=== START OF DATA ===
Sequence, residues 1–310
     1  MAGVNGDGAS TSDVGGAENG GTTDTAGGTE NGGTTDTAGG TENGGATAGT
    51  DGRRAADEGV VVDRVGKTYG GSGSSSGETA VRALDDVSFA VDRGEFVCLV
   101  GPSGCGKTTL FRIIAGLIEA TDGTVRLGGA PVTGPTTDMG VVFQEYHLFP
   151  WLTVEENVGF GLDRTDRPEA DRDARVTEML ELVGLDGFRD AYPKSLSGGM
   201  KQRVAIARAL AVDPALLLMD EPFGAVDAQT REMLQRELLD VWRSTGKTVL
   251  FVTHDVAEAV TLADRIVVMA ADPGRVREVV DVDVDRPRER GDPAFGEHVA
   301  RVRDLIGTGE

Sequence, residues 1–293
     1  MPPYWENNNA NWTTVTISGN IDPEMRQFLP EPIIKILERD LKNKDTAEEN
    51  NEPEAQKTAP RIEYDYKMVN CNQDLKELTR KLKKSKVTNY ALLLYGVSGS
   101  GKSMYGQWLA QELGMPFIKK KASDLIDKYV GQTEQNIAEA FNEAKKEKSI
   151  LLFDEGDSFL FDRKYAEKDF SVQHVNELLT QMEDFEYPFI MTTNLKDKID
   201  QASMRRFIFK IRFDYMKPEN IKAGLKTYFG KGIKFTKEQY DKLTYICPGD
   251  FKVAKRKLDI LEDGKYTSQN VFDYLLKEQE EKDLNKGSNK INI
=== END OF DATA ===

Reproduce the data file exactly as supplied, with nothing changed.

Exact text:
Sequence, residues 1–310
     1  MAGVNGDGAS TSDVGGAENG GTTDTAGGTE NGGTTDTAGG TENGGATAGT
    51  DGRRAADEGV VVDRVGKTYG GSGSSSGETA VRALDDVSFA VDRGEFVCLV
   101  GPSGCGKTTL FRIIAGLIEA TDGTVRLGGA PVTGPTTDMG VVFQEYHLFP
   151  WLTVEENVGF GLDRTDRPEA DRDARVTEML ELVGLDGFRD AYPKSLSGGM
   201  KQRVAIARAL AVDPALLLMD EPFGAVDAQT REMLQRELLD VWRSTGKTVL
   251  FVTHDVAEAV TLADRIVVMA ADPGRVREVV DVDVDRPRER GDPAFGEHVA
   301  RVRDLIGTGE

Sequence, residues 1–293
     1  MPPYWENNNA NWTTVTISGN IDPEMRQFLP EPIIKILERD LKNKDTAEEN
    51  NEPEAQKTAP RIEYDYKMVN CNQDLKELTR KLKKSKVTNY ALLLYGVSGS
   101  GKSMYGQWLA QELGMPFIKK KASDLIDKYV GQTEQNIAEA FNEAKKEKSI
   151  LLFDEGDSFL FDRKYAEKDF SVQHVNELLT QMEDFEYPFI MTTNLKDKID
   201  QASMRRFIFK IRFDYMKPEN IKAGLKTYFG KGIKFTKEQY DKLTYICPGD
   251  FKVAKRKLDI LEDGKYTSQN VFDYLLKEQE EKDLNKGSNK INI